New Haven Mayor John DeStefano Jr. and the other newly elected officers of the National League of Cities will meet today with U.S. Homeland Security Director Tom Ridge to discuss emergency preparedness in the wake of the Sept. 11 terrorist attacks.

DeStefano, who was elected first vice president of the municipal lobbying organization late last year, said Friday that he and other NLC officers plan to discuss ties between the new federal Office of Homeland Security and the nation’s cities.

“Cities like New Haven have been in reaction mode for the last three months,” he said. “Now we want to get in proactive mode.”

Gordon Johndroe, a spokesman for the new security agency, said ties between cities and the federal government are an important logistical aspect of the war on terrorism.

“City governments are the front lines for homeland security,” he said.

DeStefano said he plans to lobby for funding cities need to train emergency personnel and construct new communications systems.

Specifically, he said, local hospitals need more direct access to the Centers for Disease Control and Prevention in Atlanta should the cities they serve fall victim to a bioterrorism attack.

New Haven will also likely request funding for harbor security. Bridgeport’s harbormaster said Sunday that Connecticut’s ports are vulnerable to possible sabotage.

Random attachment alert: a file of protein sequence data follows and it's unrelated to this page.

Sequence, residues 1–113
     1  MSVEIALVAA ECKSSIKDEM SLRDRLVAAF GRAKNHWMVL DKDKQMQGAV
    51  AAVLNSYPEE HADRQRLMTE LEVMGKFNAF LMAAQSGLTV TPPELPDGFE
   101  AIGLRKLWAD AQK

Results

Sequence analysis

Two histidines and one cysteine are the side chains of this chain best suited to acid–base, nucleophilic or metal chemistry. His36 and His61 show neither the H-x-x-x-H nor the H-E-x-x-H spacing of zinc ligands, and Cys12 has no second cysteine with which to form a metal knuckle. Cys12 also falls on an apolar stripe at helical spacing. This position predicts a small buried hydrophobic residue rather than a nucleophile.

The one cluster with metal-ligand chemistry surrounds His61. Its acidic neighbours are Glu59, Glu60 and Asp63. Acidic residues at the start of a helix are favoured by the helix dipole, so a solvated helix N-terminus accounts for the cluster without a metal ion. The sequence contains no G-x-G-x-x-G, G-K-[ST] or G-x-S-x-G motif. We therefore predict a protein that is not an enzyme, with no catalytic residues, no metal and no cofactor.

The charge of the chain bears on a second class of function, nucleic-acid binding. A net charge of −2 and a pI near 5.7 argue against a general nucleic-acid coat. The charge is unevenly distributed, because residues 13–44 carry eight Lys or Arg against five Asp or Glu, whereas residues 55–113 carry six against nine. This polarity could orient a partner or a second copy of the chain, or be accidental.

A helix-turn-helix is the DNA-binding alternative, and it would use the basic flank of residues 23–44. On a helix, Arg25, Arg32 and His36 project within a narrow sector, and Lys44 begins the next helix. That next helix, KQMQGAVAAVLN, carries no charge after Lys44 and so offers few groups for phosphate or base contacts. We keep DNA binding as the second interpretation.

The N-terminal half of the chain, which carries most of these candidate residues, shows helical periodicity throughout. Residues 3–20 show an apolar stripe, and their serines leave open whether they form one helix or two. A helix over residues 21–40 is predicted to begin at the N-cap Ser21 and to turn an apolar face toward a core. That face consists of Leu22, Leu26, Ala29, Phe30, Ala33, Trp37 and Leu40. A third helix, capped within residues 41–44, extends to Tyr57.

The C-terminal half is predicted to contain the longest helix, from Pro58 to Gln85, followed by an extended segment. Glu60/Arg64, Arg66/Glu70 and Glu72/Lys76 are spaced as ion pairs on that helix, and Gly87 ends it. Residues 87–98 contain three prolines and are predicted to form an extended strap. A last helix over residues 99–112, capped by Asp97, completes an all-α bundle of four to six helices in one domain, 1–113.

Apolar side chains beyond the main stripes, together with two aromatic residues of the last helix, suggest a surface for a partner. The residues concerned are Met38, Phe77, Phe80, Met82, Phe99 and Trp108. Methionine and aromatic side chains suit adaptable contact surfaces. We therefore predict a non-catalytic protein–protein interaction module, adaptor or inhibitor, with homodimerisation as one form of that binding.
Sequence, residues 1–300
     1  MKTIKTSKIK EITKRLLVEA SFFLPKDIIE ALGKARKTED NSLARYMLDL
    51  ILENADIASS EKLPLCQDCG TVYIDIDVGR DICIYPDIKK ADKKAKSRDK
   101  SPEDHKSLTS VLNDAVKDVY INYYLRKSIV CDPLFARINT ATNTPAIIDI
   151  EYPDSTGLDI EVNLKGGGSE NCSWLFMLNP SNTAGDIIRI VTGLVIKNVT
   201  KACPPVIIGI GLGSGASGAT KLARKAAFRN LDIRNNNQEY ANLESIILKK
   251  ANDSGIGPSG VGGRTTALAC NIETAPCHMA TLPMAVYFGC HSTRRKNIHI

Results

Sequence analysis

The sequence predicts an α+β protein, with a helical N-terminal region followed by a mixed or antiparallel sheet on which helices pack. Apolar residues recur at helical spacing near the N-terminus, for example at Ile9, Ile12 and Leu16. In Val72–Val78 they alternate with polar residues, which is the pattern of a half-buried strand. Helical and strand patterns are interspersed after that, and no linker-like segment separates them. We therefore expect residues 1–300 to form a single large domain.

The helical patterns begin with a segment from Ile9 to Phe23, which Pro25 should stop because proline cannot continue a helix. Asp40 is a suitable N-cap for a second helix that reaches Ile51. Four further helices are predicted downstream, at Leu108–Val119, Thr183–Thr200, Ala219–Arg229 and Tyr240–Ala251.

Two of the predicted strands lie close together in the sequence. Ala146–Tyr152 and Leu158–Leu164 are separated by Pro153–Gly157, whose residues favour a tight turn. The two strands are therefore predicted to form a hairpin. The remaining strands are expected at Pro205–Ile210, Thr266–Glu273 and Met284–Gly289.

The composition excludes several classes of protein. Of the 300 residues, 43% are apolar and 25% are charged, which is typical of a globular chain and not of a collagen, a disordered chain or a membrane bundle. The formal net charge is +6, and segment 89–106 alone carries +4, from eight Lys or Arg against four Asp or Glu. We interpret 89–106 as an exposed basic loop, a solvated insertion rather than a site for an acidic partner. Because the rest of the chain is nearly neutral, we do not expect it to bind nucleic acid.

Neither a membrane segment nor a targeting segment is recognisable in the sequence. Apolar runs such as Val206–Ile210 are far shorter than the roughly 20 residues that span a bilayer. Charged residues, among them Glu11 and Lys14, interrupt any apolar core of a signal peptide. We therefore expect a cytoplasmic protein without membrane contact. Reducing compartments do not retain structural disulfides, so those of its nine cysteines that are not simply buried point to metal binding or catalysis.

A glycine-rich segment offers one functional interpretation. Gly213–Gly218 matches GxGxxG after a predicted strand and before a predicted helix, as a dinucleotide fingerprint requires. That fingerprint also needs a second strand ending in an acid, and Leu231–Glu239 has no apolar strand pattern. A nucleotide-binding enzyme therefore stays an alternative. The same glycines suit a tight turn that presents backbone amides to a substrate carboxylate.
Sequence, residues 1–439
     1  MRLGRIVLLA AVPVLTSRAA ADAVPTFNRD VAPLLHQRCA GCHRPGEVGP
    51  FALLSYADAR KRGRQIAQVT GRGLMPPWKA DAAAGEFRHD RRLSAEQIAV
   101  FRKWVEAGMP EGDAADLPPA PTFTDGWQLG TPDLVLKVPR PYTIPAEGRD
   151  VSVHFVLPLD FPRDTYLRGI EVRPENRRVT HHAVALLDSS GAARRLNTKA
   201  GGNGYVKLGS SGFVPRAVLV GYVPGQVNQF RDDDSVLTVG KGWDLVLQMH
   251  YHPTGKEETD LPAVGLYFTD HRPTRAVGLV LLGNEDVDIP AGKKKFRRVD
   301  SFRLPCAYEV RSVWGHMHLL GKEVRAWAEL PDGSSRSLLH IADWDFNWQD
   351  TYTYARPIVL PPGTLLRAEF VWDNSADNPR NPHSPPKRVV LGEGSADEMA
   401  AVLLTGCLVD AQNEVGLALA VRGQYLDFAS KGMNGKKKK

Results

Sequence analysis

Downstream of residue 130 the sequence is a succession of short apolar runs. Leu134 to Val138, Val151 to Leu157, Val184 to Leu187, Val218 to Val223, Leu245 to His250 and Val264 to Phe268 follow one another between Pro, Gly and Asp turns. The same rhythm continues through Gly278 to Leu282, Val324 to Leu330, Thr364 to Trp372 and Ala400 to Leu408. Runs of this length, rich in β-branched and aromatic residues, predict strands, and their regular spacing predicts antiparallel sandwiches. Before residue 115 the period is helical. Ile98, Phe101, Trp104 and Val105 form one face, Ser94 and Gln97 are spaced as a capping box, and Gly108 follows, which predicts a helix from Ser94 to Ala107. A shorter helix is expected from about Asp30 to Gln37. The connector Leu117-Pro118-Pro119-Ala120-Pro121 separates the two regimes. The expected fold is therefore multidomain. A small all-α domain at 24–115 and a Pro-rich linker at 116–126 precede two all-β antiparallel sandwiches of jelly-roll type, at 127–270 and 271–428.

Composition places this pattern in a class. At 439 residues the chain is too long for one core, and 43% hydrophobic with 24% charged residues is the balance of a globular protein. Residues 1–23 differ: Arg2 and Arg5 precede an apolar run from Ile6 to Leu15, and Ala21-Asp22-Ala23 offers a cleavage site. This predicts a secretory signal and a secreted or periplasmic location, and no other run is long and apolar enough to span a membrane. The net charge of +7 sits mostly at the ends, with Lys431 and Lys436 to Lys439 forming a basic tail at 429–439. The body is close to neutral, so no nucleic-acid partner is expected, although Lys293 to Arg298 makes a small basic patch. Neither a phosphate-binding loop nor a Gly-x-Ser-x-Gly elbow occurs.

The official told the Connecticut Post that terrorists might use New Haven’s harbor as a base for attacks on New York or Boston.

The U.S. Coast Guard has increased its patrols around the port since Sept. 11, but local lawmakers said more could be done.

In a related development, the Justice Department announced Monday that New Haven and other Connecticut cities will receive some funding as part of a $2.6 million preparedness package.

Before the deal was announced, DeStefano and the other NLC officers met with staff members from the Office of Homeland Security in preparation for their meeting with Ridge today.

The mayor’s new NLC leadership duties have vaulted him into the national political spotlight in other ways.

Jim Foye, the mayor’s press secretary, said DeStefano has fielded questions from newspapers as diverse as the Houston Chronicle and USA Today.

DeStefano discussed his efforts to promote New Haven as a home for biotech firms in a Jan. 10 USA Today article, which examined how cities are managing their budgets in the post-Sept. 11 economy.

The mayor, who will serve as an NLC officer for a year, will balance his duties in New Haven with his national leadership responsibilities as he travels to meetings around the country.

In his new post, DeStefano will undoubtedly witness his political reputation grow beyond New Haven’s city limits, but he has said he fully expects to run for mayor of this city of 123,000 again in 2003.

DeStefano will attend another NLC meeting in Charlotte, N.C., this week.

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